Works-in-Progress is not just a name, it is a philosophy. every time we do an event we reassess and try new things. So this fall, we are teaming up with two schools we have worked with before as well as a new group, Building Roots, based in Moss Park/Cabbagetown to do three clothing drives/swap events in a row. The idea is to solicit donations and host swaps in three neighbourhoods and set up a Winter Free shop in a fourth, in a school that has high turnover and many new Canadians who need winter clothes. So the donations will culminate in a swap and sort event in each community, with the good bits split between the Winter Free Shop and some kept to seed the next swap event in a different community.
Will let you know how it works out. the donations start this week at Vaughan Road Academy at 529 Vaughan Rood, and there will be swaps around buy nothing day (end of November) on December 14 for the holidays, and a new year swap where people can donate their old clothes after getting new gifts.
Back again, this time we got right to it making costumes. As always, at any workshop you can drop by and work on your own project with our tools- so Amy came to do some hemming and button repair- and then helped make a fish tail to go with the fish head cape. We finished the black cloak for our Dungeonmaster and the teens were inspired by a huge tulle former bed decor to make a cape and an instant jellyfish costume. We did some research into napkin folding and made a pollinator garden hat to go with the butterfly wings.
Check out my latest Value Village finds- a collection of lovely old thread and a bag of zipper and bias tape, so the bunting workshop is on!
More show and tell- Amy brought this old time-y sewing kit, called a Chatelaine (the namesake of the Canadian magazine Chatelaine) All the threads wind around a centre core, where your needles are stored, and your thimble keeps them in.
Over the past year or so, as we share our knowledge we can take new methods into new directions and make more things. This has been especially useful making costumes and preparing for our last workshop.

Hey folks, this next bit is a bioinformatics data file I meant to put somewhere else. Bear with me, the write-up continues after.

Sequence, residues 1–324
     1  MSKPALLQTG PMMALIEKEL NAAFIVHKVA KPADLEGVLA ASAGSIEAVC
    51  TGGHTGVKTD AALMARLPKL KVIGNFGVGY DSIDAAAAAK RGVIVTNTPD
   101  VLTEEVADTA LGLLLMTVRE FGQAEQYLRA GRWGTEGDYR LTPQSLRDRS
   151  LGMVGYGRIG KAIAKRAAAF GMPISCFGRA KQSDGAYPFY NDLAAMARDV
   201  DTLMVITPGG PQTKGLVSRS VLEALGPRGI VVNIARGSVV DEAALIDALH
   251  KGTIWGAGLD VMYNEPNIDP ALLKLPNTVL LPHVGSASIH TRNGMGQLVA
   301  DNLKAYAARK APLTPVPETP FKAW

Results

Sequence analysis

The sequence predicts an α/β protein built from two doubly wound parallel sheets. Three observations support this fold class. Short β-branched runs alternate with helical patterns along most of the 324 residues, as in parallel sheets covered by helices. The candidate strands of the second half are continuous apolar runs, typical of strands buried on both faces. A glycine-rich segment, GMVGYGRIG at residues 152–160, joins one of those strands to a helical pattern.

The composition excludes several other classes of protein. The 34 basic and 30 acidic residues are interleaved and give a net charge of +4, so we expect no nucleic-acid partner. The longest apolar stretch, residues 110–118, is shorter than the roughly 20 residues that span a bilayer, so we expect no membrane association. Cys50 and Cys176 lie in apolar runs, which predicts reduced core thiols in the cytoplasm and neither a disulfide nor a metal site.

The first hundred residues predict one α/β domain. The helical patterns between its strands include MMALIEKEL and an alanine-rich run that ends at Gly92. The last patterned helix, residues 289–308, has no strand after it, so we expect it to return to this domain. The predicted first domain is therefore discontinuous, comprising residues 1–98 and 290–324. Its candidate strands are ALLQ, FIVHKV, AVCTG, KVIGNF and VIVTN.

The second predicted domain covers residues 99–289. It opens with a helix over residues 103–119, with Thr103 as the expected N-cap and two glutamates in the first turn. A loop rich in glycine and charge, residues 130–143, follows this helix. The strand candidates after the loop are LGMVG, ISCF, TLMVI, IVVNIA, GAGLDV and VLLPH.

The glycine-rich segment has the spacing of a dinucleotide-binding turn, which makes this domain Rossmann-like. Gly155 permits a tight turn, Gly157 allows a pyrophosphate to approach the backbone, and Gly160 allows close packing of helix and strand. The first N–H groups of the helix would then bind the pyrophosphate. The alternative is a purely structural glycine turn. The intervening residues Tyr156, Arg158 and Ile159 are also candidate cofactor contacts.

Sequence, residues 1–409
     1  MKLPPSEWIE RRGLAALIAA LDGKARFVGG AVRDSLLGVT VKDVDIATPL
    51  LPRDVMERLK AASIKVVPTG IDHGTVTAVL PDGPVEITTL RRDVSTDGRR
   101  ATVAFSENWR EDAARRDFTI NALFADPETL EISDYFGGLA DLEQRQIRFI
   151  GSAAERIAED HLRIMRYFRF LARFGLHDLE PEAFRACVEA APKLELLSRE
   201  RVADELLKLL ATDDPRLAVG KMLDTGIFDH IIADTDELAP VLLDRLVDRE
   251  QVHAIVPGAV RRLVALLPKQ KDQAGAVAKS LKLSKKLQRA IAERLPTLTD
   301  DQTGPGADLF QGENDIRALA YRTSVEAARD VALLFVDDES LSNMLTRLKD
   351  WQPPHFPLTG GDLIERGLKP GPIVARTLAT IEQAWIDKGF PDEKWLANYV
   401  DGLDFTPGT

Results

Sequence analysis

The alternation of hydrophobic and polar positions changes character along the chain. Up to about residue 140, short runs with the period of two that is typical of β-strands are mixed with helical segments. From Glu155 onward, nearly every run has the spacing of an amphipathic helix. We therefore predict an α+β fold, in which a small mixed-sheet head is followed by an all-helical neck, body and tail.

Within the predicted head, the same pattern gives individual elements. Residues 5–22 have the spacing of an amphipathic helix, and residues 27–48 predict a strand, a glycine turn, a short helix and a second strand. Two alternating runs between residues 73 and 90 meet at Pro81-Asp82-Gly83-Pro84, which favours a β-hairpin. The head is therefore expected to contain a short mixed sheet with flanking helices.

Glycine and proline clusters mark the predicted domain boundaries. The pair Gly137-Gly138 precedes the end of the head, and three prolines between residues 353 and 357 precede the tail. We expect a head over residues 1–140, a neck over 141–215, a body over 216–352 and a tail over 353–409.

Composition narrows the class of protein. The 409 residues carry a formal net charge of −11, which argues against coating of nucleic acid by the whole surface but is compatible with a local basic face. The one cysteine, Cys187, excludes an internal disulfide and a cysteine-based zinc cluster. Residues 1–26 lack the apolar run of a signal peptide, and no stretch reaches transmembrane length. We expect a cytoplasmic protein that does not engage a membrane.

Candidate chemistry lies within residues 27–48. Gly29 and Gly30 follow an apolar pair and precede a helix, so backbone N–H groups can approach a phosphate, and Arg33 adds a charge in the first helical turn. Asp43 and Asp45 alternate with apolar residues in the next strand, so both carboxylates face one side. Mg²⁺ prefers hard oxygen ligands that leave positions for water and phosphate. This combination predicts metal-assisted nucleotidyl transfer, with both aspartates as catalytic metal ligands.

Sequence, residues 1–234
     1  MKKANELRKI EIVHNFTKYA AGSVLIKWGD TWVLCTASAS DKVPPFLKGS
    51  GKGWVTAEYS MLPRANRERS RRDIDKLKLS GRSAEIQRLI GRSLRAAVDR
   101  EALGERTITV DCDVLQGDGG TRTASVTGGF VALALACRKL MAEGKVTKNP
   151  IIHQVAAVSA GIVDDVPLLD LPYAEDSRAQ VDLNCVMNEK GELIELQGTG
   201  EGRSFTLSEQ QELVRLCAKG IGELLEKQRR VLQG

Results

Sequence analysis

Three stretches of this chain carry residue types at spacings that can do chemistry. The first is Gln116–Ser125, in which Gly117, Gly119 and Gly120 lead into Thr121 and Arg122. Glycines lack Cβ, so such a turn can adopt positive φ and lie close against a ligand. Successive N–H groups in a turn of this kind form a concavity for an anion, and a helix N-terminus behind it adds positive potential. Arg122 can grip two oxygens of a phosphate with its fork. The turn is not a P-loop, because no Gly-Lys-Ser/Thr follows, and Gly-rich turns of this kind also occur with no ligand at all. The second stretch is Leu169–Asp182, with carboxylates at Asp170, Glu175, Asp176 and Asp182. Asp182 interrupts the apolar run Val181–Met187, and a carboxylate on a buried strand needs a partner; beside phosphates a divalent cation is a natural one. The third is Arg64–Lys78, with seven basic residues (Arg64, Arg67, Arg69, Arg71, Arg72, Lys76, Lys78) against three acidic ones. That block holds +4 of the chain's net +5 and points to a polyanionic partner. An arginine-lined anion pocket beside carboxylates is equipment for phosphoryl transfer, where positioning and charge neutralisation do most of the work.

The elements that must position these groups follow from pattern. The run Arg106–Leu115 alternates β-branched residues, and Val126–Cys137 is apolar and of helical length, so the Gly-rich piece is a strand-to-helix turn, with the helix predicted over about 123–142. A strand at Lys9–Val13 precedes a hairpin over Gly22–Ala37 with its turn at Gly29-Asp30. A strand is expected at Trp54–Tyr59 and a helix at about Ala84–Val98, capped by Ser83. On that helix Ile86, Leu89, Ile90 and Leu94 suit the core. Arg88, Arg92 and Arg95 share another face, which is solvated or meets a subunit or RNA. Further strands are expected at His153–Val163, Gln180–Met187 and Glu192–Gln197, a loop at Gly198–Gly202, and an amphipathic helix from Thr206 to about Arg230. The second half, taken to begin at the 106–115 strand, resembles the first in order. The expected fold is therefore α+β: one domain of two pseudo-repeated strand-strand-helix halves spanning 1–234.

Quilting as a method to attache bits of cloth together into bigger pieces. making sacks by sewing on side of a T-shirt together, or three sides of a pillowcase translates into sewing other three sided shapes together into wings. Finding out how to make pumpkin crafts, we gathered tubes on one side to make a sack... or a hat, and that same method could be used to make spherical eyes for a fish costume. We learned how to make capes and hoods at the last costume workshop and used that to make a hooded fish costume.
We were really into this one, and had a good time with the people who came to make costumes, but for some reason, despite advertising and keeping the (suggested donation) price low, it was under attended. One of the brave souls who found us on eventbrite trekked across town with a shower curtain and, with the help of one of our resident costume whisperers, was able to turn it into a gorgeous cloak... and learned some great sewing skills. We managed to turn clothes hangers into antennae and wings, felt scraps into strawberries and a sheet into a robe, did lots of math, glue gunned and found out the difference between a cloak and a robe (robe covers more) It was a joyous and creative time for those who came, and all customers we satisfied. There's still a chance to come before Halloween- we will be back on October 20th, same time same place (1-4 pm, 608 Mt. Pleasant Road)
This is the instagram photo... Our host partner Castle Makers asked about doing a Thanksgiving decor workshop for the neighbourhood next week, and so we wanted to see if we could do an actual up-cycled version of some of the pinned ideas, with minimal sewing or gluing. These are (clockwise from top) a pumpkin made from upholstery samples (3 cut into 1/8 x2) the sleeve of a flannel shirt and the sleeve of an old sweater. The stems are made from felted wool scraps rolled up and all are stuffed with fabric scraps and I think will become pincushions for future Works-in-Progress events. Below is the step by step (ish... there are better tutorials) Basically, make a tube twice as wide as high and sew together the bottom, wrong side out, invert, fill and sew the top together. Use embroidery floss to pull into 6 sections and in the process sew the stem in. With the sweater I tied one end together so saved a step.
We have added a portfolio on the website, and in advance of our costume workshop this week I have started making trading cards of some of the past work of Works-in-Progress artists. We really love making costumes. There are very elaborate fan recreations of pop culture figures, classic Halloween costumes, inspired by events or our kids or friends, put together with imagination and as much homemade as possible. We use cardboard, foam, tin foil, gold paint, second hand clothes altered to fit, or safety pins and tape for the less skilled but still determined. More to come but check out our collection in the portfolio tab.
art experiments turning waste into beauty